The problem, however, is in the “pivot.” We may not want to shift from the “medical” to the “social,” so completely that we forget the “medical.” In many ways, talking about the effects of medication, of treatment, of the benefits of something like lithium carbonate in treating suicidal ideation in people with affective disorders,[9] would be in so many ways, merely stating the obvious. The difficulty would be in embracing the “social,” so completely that we discard the 'medical' models, and perhaps equally disastrous.

Which brings us to the next issue: How do I layer my lenses? Medicine is very fond of what it calls “paradigm shifts,” a term I remember fondly from days of training and residency in these very hallowed halls of the All India Institute of Medical Sciences, where the current debate is happening. The question is however, what does it mean? Do I relinquish earlier learning for the shiny new tool? (Let us, for the moment, forget that here the “shiny new tool” is actually a century old). Or do I, somehow, try to keep in my consciousness the awareness that in the complexity of the human condition, the biological, the psychological and the larger world, or the social will all have influence? Is there something called a “Bio-Psycho-Social” or like many other concepts is this only meant for lip-service in medical residency?

It has taken a global pandemic to remind us of the importance of public health. Does it need a continuing spate of suicides to remind us of common sense?

I leave the question with you.

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Conflicts of interest

There are no conflicts of interest.

  References Top

  1. Thompson K. Emile Durkheim. London: Tavistock Publications; 1982. p. 109-11.
  2. Ramanujan AK. Three hundred Rāmāyaṇas: Five examples and three thoughts on translation. In: Many Rāmāyaṇas: The Diversity of a Narrative Tradition in South Asia, ed. by Paula Richman. Berkeley: University of California Press; 1991. p. 22-48.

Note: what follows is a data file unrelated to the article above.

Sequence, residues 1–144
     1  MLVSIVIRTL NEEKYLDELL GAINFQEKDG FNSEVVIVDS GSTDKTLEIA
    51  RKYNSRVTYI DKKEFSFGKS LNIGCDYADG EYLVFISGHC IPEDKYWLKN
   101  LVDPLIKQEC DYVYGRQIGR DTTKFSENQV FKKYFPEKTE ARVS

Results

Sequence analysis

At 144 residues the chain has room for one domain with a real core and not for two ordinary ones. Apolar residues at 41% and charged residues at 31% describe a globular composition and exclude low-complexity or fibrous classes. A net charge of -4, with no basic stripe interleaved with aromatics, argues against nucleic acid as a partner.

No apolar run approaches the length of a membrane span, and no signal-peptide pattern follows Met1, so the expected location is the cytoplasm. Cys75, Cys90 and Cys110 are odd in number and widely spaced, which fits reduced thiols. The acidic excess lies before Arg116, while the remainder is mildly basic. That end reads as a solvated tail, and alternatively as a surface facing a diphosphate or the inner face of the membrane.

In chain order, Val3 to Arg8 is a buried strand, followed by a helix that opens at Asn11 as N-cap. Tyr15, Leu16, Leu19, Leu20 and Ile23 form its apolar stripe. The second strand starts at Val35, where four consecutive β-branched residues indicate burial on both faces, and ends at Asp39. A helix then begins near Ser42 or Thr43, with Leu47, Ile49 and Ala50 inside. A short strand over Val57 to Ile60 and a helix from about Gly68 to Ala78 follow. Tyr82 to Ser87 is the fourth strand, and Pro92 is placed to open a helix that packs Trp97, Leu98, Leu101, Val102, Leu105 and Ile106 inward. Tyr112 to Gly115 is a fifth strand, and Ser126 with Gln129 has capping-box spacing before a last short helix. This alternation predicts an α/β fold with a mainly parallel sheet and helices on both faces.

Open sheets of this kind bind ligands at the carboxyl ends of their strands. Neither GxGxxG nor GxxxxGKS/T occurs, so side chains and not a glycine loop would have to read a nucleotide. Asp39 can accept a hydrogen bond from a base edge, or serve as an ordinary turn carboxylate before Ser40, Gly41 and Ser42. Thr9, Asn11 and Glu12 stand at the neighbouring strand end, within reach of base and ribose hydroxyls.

3. Payne C. Asylum: Inside the Closed World of State Mental Hospitals Introduction by Oliver Sacks. MIT Press, Cambridge, Massachusetts; 2009.
  4. Focault M. Discipline and Punish: The Birth of the Prison. New York: Vintage Books; 1977.
  5. Cox P, Barry G. The “great decarceration”: Historical trends and future possibilities. Howard J 2020;59:261-85.
  6. Sarin A, Jain S, Murthy P. More than Bricks and Mortar: Reconstructing Histories of Mental Hospitals in India. 2016: A NIMHANS Publication; Reprinted 2021. NIMHANS Publication No 227. ISBN 978-93-91300-53-1.
  7. Lamb RH, Weinberger LE. The shift of psychiatric inpatient care from hospitals to jails and prisons. J Am Acad Psychiatry Law 2005;33:529-34.
  8. Gopikumar V, Lakshmi N, Eawaran K, Joske B, Parasuraman S. Persistent, complex and unresolved issues: Indian discourse on mental III health and homelessness. Econ Polit Wkly 2015;50:42-51.
  9. Lewitzka U, Severus E, Bauer R, Ritter P, Müller-Oerlinghausen B, Bauer M. The suicide prevention effect of lithium: More than 20 years of evidence a narrative review. Int J Bipolar Disord 2015;3:1-6.